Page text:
Summary of Pictorialism
Pictorialists took the medium of photography and reinvented it as an art form, placing beauty, tonality, and composition above creating an accurate visual record. Through their creations, the movement strove to elevate photography to the same level as painting and have it recognized as such by galleries and other artistic institutions. Photography was invented in the late 1830s and was initially considered to be a way in which to produce purely scientific and representational images. This began to change from the 1850s when advocates such as the English painter William John Newton suggested that photography could also be artistic.
Although it can be traced back to these early ideas, the Pictorialist movement was at its most active between 1885 and 1915 and during its heyday it had an international reach with centers in England, France, and the USA. Proponents used a range of darkroom techniques to produce images that allowed them to express their creativity, utilizing it to tell stories, replicate mythological or biblical scenes, and to produce dream-like landscapes. There is no straightforward definition of what a Pictorialist photograph is, but it is usually taken to mean an image that has been manipulated in some way to increase its artistic impact. Common themes within the style are the use of soft focus, color tinting, and visible manipulation such as composite images or the addition of brushstrokes.
Key Ideas & Accomplishments
- Pictorialism was closely linked to prevailing artistic movements, as the photographers took inspiration from popular art, adopting its styles and ideas to demonstrate parity between it and photography. Movements that were particularly influential were Tonalism, Impressionism and, in some instances, Victorian genre painting.
- Pictorialists were the first to present the case for photography to be classed as art and in doing so they initiated a discussion about the artistic value of photography as well as a debate about the social role of photographic manipulation. Both of these matters are still contested today and they have been made ever more relevant in the last decades through the increasing use of Photoshop in advertising and on social media.
- The movement led to great innovation in the field of photography with a number of the photographers associated with it responsible for developing new techniques to further their artistic vision. This laid the foundations for later advances in color photography and other technical processes.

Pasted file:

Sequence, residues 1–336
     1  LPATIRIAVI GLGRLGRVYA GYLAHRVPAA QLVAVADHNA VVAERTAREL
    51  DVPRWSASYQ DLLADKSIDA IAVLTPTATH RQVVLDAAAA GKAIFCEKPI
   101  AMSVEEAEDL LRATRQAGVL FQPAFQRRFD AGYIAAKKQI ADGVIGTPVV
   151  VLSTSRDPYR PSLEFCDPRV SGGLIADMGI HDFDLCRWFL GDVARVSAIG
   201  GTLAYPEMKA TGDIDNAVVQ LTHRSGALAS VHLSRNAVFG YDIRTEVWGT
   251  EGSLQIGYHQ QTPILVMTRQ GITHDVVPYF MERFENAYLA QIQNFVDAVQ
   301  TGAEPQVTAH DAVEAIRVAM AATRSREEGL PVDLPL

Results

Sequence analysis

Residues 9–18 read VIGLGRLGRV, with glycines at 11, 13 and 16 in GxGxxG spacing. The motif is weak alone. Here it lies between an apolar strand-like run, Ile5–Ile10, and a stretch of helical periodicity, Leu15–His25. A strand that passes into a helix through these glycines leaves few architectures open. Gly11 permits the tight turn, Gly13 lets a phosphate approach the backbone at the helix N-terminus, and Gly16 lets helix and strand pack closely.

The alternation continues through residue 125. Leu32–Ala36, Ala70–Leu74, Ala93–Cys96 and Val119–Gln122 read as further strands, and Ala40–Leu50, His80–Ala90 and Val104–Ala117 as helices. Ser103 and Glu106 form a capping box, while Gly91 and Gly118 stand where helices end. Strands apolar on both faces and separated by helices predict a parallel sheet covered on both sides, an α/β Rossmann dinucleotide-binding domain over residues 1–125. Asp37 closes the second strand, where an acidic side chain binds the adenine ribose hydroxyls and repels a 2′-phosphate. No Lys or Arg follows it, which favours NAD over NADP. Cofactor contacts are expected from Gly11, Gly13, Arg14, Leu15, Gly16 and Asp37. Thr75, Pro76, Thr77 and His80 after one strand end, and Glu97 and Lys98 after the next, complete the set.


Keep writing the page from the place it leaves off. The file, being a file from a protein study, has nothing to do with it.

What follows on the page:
Overview of Pictorialism
Early photographers such as Julia Margaret Cameron, David Octavius Hill, and Robert Adamson greatly influenced the development of Pictorialism. Hill, who was a successful painter of Romantic landscapes, worked with Adamson, a photographer and printer, between 1843 and 1847, to make over 1500 portraits of people in Newhaven, a small British fishing village. The portraits were compared by some critics of the time to those of Rembrandt. Alfred Stieglitz later dubbed Hill "the father of pictorial photography" and featured his and Adamson's photographs in his publications and at the Little Galleries of the Photo-Secession in 1906.
Important Photos and Artists of Pictorialism
This composite print, combining five different negatives, focuses on an intimate scene of a very sick young woman, surrounded by three family members. To the left, her mother, sits in profile, her gaze resigned. To the right, an older sister, bends over the back of the chaise longue and in the center, the father stands with his back to the viewer, as he looks out the window, his dark shape outlined against the light. Various elements - the closed book that rests abandoned on the mother's knee, the two women watching the dying girl intently as if she might speak, and the contrast between dark and light - create an emotional impact. Robinson employs chiaroscuro to contrast the somber hues of the parents' clothing with the white worn by the dying girl. This is further emphasized by the dark drapes at the window which frame a turbulent sky reflecting the grief within the room. The subject matter is drawn from a wider 19th century obsession with death and a British trend for paintings that featured sick or dying children.
Robinson pioneered the composite image, which became a foundation of Pictorialism. To his contemporary audience the photograph was controversial, as many felt that photography was too literal a medium to portray such an intimate and painful scene. Despite its realism, however, the image contains elements of 19th century symbolism drawn from genre painting of the period with the white of the two young women indicating purity and innocence while the open window and its verticals suggest the ascent to heaven. This controversy in conjunction with the fact that the print was purchased by Prince Albert, Queen Victoria's husband, ensured Robinson's popularity. Robinson's composite images, or montages, are predecessors to the later works of Mortensen, Duane Michals, Lucas Samaras, and Cindy Sherman, amongst others.
This portrait shows a model, known only as Miss Keene, staring directly at the viewer with an expression that hints at wildness, which is echoed by her tumbling hair. She fills the frame, dramatically emerging from the dark background and her pale features are illuminated by the contrast between the two, perhaps indicating the transition from adolescence to adulthood. The most notable thing about the image is the startling sense of presence of the model which raises all sorts of questions about both the real and imagined young woman portrayed in the photograph. Sir John Herschel, Cameron's friend and mentor, wrote of the image that "She is absolutely alive and thrusting out her head from the paper into the air". While Herschel was famous as an astronomer, he had a deep interest in photography, and is credited as the first to use the word 'photography', derived from the Greek for 'light writing', to describe the new media.